It's 8 a.m. on your 35th birthday and your mother has already called you three times. You want to sleep longer, but she persists. You call her back; she answers after the first ring.
"Sweetie," she says, out of breath. "I was just in the kitchen making breakfast and — you won't believe this — I cracked open an egg with two yolks inside. Do you know what that means?"
Of course you know what it means. According to modern fertility folklore, pregnancy might be on the way. But why doesn't your mother ever call your 40-year-old brother with these brilliant fertility revelations?
Older male fertility: should we be worried?
Most couples trying to conceive (and enthusiastic mothers-in-law) know that decades of research point to a woman's age of 35 as the point in which women may begin to experience age-related pregnancy complications.
The scientific interest in women is intuitive — they play the most obvious role in the pregnancy.
Little attention, however, has been placed upon male fertility. This information gap can be rather simply illustrated by Google search data: Issues surrounding female age and fertility are Googled almost 4 times more often than male age and fertility.
According to a recent Rutgers study published in Maturitas, a medical journal covering midlife and post-reproductive health, this lack of attention is a mistake.
Infants born to fathers older than 45 have a higher risk of premature birth, low Apgar scores ( based on the well-being test conducted immediately after the baby’s birth that ranks the infant based on appearance, pulse, grimace, activity and respiration) and low birth weight. They also have a higher risk of newborn seizures and late stillbirth, according to the study.
Findings presented in the study also pointed to a correlation in the presence of schizophrenia and autism in people with fathers older than 50, something that a recent study in the journal Biological Psychiatry pointed to as well, along with birth defects such as congenital heart disease and cleft palate.
Many of these issues occurred regardless of the age of female partners, who were also more likely to experience increased pregnancy complications such as gestational diabetes, preeclampsia and preterm birth after conceiving a child with an older man.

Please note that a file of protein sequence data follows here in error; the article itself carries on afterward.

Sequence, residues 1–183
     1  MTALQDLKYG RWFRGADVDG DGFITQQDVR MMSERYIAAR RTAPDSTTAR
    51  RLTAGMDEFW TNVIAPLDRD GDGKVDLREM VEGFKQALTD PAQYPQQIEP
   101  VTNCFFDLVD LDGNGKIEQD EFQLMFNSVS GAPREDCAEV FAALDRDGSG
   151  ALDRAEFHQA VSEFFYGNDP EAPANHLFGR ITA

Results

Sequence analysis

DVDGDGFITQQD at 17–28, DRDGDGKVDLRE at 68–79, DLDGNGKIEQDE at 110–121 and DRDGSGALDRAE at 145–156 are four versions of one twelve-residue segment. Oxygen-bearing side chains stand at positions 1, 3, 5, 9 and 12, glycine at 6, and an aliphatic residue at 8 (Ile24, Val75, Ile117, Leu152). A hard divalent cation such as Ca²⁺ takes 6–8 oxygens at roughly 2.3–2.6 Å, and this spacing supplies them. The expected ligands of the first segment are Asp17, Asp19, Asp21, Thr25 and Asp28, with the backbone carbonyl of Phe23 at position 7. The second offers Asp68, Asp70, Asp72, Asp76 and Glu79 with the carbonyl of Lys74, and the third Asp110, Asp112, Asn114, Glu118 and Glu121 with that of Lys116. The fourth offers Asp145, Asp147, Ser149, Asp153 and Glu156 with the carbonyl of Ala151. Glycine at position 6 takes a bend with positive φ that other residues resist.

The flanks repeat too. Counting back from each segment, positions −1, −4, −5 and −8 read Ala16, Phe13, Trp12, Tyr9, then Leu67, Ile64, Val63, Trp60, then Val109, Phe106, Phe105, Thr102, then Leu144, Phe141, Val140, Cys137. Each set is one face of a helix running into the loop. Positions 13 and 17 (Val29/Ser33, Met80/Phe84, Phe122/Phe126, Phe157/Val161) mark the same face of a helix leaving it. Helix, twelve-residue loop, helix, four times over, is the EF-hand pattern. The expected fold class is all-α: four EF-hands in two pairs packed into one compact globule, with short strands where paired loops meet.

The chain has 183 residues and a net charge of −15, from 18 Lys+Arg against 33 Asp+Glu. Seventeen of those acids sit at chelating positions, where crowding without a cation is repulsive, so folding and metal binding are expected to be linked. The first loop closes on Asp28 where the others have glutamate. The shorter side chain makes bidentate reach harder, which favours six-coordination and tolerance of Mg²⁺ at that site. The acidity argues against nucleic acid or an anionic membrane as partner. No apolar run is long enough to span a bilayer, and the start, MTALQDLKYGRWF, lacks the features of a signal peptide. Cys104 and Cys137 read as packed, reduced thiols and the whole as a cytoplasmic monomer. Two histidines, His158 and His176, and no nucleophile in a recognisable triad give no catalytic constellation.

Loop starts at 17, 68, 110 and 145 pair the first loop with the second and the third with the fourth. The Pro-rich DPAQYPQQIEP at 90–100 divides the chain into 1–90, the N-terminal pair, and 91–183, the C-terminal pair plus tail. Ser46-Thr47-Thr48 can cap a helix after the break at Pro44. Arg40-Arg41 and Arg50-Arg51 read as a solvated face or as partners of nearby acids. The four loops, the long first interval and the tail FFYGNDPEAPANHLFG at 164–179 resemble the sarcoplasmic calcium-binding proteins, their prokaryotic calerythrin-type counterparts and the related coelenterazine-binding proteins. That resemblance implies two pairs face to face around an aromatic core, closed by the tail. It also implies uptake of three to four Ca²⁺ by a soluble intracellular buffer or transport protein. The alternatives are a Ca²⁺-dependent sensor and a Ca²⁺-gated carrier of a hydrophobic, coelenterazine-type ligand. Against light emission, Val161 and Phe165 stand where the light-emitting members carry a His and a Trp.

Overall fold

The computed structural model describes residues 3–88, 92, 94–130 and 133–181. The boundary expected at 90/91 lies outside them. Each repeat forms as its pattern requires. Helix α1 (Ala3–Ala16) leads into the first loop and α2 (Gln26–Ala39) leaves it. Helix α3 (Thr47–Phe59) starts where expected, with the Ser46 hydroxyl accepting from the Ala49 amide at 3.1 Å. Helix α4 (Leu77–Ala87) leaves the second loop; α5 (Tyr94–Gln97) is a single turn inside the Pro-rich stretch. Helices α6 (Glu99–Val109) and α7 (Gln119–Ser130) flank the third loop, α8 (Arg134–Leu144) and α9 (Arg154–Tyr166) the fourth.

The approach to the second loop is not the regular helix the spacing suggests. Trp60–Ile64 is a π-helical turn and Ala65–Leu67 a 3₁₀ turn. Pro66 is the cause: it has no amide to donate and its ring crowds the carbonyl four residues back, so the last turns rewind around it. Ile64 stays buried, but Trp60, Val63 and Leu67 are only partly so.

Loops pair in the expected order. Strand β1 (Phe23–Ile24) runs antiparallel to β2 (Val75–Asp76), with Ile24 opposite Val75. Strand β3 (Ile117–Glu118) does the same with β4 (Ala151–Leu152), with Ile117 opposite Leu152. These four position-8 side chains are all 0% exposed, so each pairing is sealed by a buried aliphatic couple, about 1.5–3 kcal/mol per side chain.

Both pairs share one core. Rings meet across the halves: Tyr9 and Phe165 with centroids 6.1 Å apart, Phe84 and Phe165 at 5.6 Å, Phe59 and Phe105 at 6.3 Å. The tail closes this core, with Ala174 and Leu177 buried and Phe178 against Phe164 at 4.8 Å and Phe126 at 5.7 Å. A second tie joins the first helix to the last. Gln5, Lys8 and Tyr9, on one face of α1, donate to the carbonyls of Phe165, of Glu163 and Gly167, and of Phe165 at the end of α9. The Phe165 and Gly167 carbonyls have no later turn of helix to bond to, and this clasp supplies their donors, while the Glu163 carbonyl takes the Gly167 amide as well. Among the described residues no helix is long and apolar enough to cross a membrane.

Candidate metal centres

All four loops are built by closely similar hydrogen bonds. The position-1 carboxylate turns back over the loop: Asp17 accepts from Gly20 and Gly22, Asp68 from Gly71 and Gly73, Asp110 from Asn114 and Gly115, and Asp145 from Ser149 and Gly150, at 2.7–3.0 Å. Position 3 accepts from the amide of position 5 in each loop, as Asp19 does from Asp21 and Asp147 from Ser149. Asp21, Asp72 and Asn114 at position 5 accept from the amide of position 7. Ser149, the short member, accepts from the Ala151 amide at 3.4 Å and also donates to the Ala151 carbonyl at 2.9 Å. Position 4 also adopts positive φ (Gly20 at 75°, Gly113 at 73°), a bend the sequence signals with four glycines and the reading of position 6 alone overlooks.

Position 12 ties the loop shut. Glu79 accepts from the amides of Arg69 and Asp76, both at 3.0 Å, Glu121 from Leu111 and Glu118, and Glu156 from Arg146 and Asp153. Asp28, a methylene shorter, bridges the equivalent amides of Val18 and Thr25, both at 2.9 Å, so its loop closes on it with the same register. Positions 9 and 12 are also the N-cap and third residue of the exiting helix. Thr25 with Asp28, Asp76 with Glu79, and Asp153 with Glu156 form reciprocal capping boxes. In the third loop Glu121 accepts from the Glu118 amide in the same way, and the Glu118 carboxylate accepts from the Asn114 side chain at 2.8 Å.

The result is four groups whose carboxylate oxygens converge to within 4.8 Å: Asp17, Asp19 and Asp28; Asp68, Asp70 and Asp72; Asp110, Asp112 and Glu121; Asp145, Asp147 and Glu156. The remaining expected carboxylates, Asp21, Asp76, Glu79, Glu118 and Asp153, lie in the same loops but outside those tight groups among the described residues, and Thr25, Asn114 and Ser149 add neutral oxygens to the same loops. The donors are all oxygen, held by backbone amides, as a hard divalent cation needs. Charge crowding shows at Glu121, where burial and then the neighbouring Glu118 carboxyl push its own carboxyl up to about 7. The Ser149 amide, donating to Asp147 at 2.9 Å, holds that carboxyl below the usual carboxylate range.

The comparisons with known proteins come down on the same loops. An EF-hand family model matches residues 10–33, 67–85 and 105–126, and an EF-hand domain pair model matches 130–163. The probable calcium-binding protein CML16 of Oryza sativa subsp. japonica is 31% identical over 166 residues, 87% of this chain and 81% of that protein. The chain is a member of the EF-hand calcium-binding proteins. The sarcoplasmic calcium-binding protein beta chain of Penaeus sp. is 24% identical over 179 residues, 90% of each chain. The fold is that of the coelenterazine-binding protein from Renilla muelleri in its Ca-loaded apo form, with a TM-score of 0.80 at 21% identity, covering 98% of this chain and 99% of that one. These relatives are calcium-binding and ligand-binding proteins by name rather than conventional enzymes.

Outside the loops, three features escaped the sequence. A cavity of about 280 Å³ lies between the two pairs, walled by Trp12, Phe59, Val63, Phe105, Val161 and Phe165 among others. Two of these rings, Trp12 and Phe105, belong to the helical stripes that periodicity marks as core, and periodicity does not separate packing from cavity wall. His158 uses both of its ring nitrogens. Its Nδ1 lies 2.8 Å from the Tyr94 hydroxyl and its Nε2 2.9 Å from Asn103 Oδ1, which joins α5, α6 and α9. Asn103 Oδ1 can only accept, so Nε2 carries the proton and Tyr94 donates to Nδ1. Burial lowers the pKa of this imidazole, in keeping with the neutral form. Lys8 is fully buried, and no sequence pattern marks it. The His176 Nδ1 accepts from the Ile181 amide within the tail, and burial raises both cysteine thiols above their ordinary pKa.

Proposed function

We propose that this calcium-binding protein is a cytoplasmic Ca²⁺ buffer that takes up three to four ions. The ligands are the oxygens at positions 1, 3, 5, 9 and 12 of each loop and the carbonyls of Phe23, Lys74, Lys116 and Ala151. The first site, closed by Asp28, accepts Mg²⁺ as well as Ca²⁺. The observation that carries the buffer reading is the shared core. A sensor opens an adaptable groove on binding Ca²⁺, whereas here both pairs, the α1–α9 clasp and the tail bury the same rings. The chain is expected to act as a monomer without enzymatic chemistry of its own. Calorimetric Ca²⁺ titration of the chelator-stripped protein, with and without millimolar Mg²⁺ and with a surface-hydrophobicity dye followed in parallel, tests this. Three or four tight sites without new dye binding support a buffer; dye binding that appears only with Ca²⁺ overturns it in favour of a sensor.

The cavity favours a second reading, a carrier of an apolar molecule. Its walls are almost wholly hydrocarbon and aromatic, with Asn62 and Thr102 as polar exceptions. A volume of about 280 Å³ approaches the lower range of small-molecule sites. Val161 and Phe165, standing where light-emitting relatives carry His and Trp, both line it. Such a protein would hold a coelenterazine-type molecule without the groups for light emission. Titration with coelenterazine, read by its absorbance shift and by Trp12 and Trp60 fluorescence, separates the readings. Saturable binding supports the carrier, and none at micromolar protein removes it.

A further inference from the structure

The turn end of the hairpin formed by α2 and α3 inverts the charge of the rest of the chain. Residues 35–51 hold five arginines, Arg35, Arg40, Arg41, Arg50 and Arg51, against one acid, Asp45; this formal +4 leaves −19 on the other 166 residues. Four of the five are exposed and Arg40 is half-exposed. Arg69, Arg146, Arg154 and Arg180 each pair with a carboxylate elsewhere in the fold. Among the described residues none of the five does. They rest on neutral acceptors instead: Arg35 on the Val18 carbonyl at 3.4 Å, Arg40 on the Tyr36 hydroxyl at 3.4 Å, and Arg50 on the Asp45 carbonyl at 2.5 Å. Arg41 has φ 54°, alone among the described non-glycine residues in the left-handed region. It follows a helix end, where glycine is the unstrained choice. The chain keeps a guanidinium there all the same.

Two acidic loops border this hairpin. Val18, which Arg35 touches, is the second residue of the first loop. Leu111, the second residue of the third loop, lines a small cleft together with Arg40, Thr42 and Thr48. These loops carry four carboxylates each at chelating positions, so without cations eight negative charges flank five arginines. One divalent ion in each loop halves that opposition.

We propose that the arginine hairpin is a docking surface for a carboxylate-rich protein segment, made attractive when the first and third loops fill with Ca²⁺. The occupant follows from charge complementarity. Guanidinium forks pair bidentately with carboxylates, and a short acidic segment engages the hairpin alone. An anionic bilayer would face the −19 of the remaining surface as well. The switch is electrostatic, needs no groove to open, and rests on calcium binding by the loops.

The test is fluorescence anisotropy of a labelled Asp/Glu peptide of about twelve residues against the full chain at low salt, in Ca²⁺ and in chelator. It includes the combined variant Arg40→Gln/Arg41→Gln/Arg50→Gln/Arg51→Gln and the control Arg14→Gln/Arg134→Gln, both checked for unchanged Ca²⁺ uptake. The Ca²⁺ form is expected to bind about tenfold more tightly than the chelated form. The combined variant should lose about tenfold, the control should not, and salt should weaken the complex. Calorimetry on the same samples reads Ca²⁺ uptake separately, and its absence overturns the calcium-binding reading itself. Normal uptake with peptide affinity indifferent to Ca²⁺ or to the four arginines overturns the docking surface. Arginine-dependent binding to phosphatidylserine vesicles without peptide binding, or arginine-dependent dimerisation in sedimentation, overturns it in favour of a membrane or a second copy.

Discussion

"Although it is well documented that children of older fathers are more likely to be diagnosed with schizophrenia — one in 141 infants with fathers under 25 versus one in 47 with fathers over 50 — the reason is not well understood," said the study's author Gloria Bachmann, director of the Women's Health Institute at Rutgers Robert Wood Johnson Medical School in New Jersey.
What does all of this mean?
Bachmann said these findings have to do with male sperm. As people lose muscle strength and endurance with age, sperm also lose fitness over the life cycle, she said, which affects both the likelihood of conception and the prevalence of complications if conception does occur.
The definitive age in which men are more likely to negatively influence pregnancy is still unclear. According to the report, it could be anywhere from 35 to 45. But the correlation is there, and researchers are urging others to take a closer look.
"The disparity between the social interpretation of men's and women's fertility and role in reproduction speaks volumes regarding our assumptions about gender roles, reproduction and family planning," the study said.
It also notes that the issues it addresses are not widely known throughout the medical and social communities and urges health care providers to alert men to the risks associated with higher paternal ages.
The scientists' advice goes out not just to men who are considering having a baby with their wife or girlfriend: Sperm banks, the researchers pointed out, should adjust their age limits for donations, too.